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New Jersey proposes record dredging of contaminated Passaic River

The US Environmental Protection Agency is planning to remove more than four million cubic yards of contaminated sediment from a stretch of the Passaic River in New Jersey.


The US Environmental Protection Agency is planning to remove more than four million cubic yards of contaminated sediment from a stretch of the Passaic River in New Jersey.

The bank-to-bank dredging will be followed by capping the bottom of the river, making the clean-up one of the biggest in the history of the EPA’s Superfund program.

“High concentrations of dioxin, PCBs and other contaminants in the lower eight miles of the Passaic River are a serious threat to the people who eat fish and crabs from this river,” said Judith Enck, EPA Regional Administrator, in a statement. “The EPA’s proposed cleanup plan will result in a cleaner river that protects people’s health and increases the productive use of one of New Jersey’s most important natural resources and creates jobs during the cleanup. Doing less is not good enough for this river or the people who live along it,” she added.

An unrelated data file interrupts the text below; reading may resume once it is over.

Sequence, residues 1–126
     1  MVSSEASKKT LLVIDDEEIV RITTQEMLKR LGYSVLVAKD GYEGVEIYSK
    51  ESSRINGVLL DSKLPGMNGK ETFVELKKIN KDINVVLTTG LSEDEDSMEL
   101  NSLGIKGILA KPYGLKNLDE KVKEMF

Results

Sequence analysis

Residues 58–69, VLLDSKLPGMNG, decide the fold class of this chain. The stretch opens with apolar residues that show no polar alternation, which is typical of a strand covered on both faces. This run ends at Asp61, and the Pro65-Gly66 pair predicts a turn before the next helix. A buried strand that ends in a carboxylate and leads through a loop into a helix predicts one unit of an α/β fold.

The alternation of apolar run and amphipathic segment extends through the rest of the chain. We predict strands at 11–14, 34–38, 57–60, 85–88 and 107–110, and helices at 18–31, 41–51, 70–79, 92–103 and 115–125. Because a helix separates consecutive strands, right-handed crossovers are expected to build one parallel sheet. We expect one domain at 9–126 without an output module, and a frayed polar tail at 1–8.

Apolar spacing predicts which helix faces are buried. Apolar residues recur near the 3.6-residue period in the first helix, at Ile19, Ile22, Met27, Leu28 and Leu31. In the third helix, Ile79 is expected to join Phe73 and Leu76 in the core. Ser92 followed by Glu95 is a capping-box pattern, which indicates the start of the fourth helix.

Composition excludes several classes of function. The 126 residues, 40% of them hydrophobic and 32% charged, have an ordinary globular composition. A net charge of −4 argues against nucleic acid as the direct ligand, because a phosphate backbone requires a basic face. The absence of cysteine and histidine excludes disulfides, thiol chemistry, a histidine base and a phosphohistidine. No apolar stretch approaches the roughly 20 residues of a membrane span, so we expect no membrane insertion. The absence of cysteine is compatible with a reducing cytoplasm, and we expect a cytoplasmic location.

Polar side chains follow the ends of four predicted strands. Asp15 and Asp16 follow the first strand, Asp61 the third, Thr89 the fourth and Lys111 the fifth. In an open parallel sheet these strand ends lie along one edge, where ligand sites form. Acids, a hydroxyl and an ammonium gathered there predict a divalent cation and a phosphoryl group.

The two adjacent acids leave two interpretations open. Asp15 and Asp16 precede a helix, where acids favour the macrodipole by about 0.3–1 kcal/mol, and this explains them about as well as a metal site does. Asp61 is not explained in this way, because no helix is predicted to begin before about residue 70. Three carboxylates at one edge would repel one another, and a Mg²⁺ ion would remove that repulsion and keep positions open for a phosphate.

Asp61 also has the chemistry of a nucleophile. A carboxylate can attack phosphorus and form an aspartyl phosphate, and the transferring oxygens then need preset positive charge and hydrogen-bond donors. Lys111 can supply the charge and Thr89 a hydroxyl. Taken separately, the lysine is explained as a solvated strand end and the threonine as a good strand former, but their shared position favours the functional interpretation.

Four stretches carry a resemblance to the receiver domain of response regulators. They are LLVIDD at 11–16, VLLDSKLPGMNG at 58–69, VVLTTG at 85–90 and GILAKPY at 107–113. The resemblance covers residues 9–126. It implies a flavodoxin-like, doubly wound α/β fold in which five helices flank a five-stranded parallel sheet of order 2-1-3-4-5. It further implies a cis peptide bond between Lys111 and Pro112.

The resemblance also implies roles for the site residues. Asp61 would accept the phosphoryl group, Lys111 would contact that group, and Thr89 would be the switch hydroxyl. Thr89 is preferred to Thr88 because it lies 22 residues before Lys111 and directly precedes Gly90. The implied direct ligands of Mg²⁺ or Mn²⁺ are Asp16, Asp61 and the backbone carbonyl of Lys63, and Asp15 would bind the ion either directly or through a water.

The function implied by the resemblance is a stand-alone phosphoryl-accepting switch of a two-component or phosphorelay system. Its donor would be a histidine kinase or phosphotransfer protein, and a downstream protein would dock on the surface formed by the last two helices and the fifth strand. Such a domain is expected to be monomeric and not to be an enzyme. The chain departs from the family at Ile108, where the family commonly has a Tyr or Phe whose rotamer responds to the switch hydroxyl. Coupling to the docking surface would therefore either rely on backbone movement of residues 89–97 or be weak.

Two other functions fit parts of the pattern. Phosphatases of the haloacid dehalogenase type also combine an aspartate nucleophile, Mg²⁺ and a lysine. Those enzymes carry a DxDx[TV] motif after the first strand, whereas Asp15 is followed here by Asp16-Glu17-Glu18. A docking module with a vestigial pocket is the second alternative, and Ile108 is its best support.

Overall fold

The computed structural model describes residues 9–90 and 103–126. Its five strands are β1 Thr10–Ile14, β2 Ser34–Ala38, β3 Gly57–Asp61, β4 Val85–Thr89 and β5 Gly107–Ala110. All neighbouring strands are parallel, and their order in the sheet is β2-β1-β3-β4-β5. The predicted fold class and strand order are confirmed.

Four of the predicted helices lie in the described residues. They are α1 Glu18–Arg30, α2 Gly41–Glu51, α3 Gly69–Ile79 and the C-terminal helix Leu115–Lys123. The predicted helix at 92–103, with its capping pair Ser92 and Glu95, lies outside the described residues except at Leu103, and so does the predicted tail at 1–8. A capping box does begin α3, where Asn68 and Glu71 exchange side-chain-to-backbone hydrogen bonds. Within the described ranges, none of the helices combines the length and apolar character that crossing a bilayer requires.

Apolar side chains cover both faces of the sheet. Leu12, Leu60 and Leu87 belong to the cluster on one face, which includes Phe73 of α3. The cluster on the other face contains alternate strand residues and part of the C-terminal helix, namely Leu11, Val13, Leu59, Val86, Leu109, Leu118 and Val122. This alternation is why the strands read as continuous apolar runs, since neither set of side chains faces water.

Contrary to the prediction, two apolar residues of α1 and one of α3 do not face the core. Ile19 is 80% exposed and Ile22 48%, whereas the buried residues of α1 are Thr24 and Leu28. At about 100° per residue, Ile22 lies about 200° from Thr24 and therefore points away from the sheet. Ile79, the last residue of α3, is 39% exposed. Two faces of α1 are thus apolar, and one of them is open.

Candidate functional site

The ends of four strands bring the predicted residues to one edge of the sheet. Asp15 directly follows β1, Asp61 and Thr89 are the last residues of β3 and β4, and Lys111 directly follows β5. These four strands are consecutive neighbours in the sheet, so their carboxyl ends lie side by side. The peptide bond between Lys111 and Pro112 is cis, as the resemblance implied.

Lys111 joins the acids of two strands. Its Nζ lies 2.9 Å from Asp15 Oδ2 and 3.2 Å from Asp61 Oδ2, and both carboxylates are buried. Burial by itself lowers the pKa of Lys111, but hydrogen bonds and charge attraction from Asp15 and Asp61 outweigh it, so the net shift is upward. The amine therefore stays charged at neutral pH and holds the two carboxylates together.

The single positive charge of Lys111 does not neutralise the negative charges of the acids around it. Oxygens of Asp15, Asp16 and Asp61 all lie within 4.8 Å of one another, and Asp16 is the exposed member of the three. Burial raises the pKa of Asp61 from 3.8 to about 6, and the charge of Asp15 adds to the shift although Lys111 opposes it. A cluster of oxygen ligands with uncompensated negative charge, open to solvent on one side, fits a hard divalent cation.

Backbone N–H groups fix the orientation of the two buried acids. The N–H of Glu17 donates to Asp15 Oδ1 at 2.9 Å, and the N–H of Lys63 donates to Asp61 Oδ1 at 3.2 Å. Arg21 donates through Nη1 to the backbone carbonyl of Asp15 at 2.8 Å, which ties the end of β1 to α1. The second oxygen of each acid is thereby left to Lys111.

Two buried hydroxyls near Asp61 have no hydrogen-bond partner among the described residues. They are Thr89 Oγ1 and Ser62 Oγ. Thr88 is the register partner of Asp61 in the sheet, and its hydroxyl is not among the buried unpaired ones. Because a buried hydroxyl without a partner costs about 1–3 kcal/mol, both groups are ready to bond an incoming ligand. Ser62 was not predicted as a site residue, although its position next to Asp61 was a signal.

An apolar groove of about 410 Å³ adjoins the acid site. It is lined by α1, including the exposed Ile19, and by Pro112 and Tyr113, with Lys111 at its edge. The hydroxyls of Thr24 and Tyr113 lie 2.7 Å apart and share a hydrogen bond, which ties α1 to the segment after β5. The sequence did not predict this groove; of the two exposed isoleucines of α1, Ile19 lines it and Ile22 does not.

A major source of dioxin in the river is pollution from the Diamond Alkali facility in Newark, New Jersey, the EPA claims. The production of Agent Orange and pesticides during the 1960s generated dioxin that contaminated the land and the river. In addition, approximately 100 companies are potentially responsible for generating and releasing dioxin, PCBs, heavy metals, pesticides and other contaminants into the river. The EPA said it will pursue agreements to ensure that the cleanup work proposed today be carried out and paid for by those responsible for the contamination at the site.

The EPA will accept public comments on its proposed plan from April 21 to June 20, 2014.


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